I’m also fortunate in that I’ve never had focus, so it’s not something I can easily lose!
In the National Geographic documentary Strange Days on Planet Earth: Dangerous Catch, the narrator explains you made the correlation between an increase in bushmeat hunting with overfishing in the Ghanaian seas. The intertwined issues of fishery management, wildlife population, and national and international policies are the types of problems we tackle here at Our Environment. Do you think we’re doing a better job now in 2012 in understanding these issues and their relationships?
Yes, absolutely. There has never been more incentive, opportunity and demand for multi- and interdisciplinary approaches to environmental problem-solving. By sharing perspectives, approaches, tools and experiences we are able to move among scales of space and time in thinking about an issue. This doesn’t always make it easy to solve problems, but it helps us see their true complexity, origins and consequences.
There are lots of examples of this, and our work linking E.U. fishing subsidies to fish declines off West Africa to increased bushmeat consumption in Ghana is one of them. As an ecologist, I assume everything around us is connected through a wonderful and humbling mess of direct and indirect linkages. Illuminating even a few of these connections is tremendously important and very satisfying.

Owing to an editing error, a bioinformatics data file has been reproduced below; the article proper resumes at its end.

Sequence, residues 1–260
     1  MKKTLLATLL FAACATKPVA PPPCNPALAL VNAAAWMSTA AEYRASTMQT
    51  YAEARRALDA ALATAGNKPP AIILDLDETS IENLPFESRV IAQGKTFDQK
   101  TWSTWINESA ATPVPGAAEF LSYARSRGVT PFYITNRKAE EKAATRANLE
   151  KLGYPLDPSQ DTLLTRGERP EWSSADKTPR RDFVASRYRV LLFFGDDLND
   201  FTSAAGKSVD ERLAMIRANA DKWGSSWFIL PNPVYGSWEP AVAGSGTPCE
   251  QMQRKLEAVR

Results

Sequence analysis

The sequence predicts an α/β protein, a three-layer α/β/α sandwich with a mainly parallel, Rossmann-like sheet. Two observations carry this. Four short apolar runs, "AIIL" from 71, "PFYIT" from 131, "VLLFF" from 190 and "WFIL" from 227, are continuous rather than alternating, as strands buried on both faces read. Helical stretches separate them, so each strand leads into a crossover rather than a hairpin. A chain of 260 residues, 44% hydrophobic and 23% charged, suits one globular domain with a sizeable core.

As a teacher in ecology and conservation biology classes, what do you sense is the most important issue on students’ minds?
Hmmmm. Tough question. Do you mean before or after they endure my brainwashing procedure? But seriously, we are bombarded by so much doom and gloom about the environment, I sense our students sometimes wonder if there is really much of a future for wildlife, ecosystems and maybe even our planet.
I work hard in my classes and through my frequent interactions with students, to dispel this dark notion because I think it breeds apathy towards environmental issues. Yes, there are great and urgent challenges related to the environment, but it is not even close to being a lost cause.
In fact… [Editor’s Note: Brashares’ upbeat section on cleaner air, water, the return of fuzzy animals, rainbows and group hugs flagrantly plagiarizing an episode of Dr. Phil was removed. 😉 ]
What’s your most memorable experience in Africa? Any stories of being chased by a large animal?
Lots of memorable experiences, some highlights, others lowlights. Everybody who spends time in the field comes away with stories. If you bring out the good wine from the department’s cellar I’ll bend your ear for a while, but here’s a random sampler: snakes in sleeping bags, a night in a tree above the lions who chased me there, fighting baboons a lot and mostly losing, eating termites and less tasty things, getting struck by lightning with mountain gorillas, a dung beetle in the eye, a blister beetle in the underwear, a lizard bite, an eagle bite, an eland bite, a centipede bite, flung by a giraffe, many angry elephants, orphan monkeys, body bumps that hatch, smoking chimps, farting gorillas and one sexually frustrated camel named Ahmed.
And those were just highlights from my last spring break in Ft. Lauderdale; you should hear my stories about traveling around Africa! (Is this microphone on? hello? hello? testing?)
For more on Justin and related research, visit:
Co-written by Ron Amundson & Trish Roque | Photo by Trish Roque